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Mol Biochem Parasitol. 1998 Sep 1;95(1):9-20.

Characterization of developmentally-regulated activities in axenic amastigotes of Leishmania donovani.

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Department of Biology, Technion-Israel Institute of Technology, Haifa.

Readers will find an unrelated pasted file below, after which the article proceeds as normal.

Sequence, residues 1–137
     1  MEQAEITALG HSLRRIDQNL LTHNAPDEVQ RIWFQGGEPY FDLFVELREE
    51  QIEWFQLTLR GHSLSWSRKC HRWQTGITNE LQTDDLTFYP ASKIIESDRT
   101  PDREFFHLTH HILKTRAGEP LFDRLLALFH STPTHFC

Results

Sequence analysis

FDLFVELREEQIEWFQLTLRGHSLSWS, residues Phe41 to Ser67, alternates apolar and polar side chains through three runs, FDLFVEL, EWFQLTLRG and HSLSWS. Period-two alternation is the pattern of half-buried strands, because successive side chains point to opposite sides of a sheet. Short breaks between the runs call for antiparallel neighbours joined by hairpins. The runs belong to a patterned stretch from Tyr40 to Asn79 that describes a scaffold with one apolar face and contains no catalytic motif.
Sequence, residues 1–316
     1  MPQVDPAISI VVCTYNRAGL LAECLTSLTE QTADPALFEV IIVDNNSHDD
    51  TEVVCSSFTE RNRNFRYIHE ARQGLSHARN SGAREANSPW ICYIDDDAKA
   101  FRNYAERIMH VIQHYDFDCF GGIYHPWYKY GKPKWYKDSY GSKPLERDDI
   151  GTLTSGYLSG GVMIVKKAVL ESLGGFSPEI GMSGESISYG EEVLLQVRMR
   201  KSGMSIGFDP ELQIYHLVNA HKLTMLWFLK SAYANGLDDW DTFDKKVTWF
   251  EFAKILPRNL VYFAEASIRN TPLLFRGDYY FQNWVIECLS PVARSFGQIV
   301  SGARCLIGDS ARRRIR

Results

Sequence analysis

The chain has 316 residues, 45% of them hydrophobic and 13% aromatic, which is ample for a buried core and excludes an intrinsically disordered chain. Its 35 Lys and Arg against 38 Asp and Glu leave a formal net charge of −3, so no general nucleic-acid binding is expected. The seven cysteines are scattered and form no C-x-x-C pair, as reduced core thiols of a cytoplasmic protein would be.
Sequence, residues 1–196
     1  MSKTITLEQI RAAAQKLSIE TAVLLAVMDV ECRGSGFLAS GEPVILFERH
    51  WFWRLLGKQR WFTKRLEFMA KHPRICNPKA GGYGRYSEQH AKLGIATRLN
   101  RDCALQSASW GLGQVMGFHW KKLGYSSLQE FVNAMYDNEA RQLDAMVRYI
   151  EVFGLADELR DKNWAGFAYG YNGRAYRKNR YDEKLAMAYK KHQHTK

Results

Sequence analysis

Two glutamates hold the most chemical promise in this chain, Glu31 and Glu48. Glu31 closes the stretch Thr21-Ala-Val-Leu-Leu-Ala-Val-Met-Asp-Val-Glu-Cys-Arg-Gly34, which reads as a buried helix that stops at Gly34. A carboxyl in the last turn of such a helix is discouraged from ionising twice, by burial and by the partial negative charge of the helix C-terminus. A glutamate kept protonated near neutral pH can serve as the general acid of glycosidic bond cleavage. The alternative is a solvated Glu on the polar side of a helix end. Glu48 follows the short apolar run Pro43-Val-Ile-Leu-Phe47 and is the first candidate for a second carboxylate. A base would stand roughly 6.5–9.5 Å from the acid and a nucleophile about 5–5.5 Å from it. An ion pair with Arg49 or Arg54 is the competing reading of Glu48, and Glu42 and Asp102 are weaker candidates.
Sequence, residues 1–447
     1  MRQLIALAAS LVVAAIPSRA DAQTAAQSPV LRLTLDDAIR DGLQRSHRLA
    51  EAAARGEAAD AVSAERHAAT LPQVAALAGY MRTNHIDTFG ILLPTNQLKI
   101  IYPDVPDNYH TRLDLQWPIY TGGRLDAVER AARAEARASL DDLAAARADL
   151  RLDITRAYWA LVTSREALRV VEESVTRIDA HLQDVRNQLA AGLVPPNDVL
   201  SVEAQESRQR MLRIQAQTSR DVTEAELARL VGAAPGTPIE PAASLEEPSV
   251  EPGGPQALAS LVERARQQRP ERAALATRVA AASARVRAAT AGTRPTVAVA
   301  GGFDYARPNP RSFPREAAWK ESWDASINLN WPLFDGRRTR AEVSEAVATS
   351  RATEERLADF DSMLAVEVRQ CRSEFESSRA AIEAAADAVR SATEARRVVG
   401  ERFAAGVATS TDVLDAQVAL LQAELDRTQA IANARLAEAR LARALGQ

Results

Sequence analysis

Leishmania donovani is an obligatory intracellular parasite which cycles between the midgut of sand flies (extracellular promastigote) and the phagolysosomes of mammalian macrophages (intracellular amastigote). Promastigotes have been readily cultured, whereas axenic cultures of amastigotes have only recently been developed. A new method for in vitro differentiation of L. donovani promastigotes into amastigotes is presented, in which promastigotes are exposed to environmental changes that mimic the in vivo process. First, promastigotes are subjected to 37 degrees C + 5% CO2 for 24 h, and then are shifted to pH 5.5. Under these conditions, differentiation is completed within 120 h. In the reverse process, amastigotes are induced to differentiate back to promastigotes by transferring them to promastigote growth conditions (medium 199 at pH 7.4 and 26 degrees C). Axenic amastigotes closely resemble animal-derived amastigotes. They manifest all seven proteins of the amastigote-specific A2 gene family. They down-regulate lipophosphoglycan (LPG) synthesis and do not express it on their surface. LPG is up-regulated 2 h after inducing amastigotes to differentiate to promastigotes. Within 6 h, parasites resume the promastigote level of this molecule, although differentiation is completed only after 48 h. Axenic amastigotes also express amastigote-like metabolic activities of proline uptake, as well as thymidine and proline incorporation. In conclusion, the results indicate that the method developed for in vitro differentiation of L. donovani promastigotes to amastigotes is efficient and yields organisms resembling animal-derived amastigotes. Being able to induce in vitro differentiation of L. donovani provides us with an excellent tool to study Leishmania development and differentiation.

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